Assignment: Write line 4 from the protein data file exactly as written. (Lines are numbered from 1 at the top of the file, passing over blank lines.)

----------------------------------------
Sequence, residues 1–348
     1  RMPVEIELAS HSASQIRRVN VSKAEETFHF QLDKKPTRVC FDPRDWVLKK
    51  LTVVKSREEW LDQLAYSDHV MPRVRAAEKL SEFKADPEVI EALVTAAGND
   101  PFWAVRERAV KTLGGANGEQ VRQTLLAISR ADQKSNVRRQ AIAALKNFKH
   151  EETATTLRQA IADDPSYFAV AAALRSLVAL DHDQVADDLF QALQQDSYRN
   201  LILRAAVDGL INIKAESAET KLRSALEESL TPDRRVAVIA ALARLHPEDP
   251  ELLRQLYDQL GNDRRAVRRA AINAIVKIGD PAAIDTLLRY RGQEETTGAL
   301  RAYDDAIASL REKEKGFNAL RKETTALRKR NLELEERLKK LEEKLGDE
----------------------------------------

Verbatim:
   101  PFWAVRERAV KTLGGANGEQ VRQTLLAISR ADQKSNVRRQ AIAALKNFKH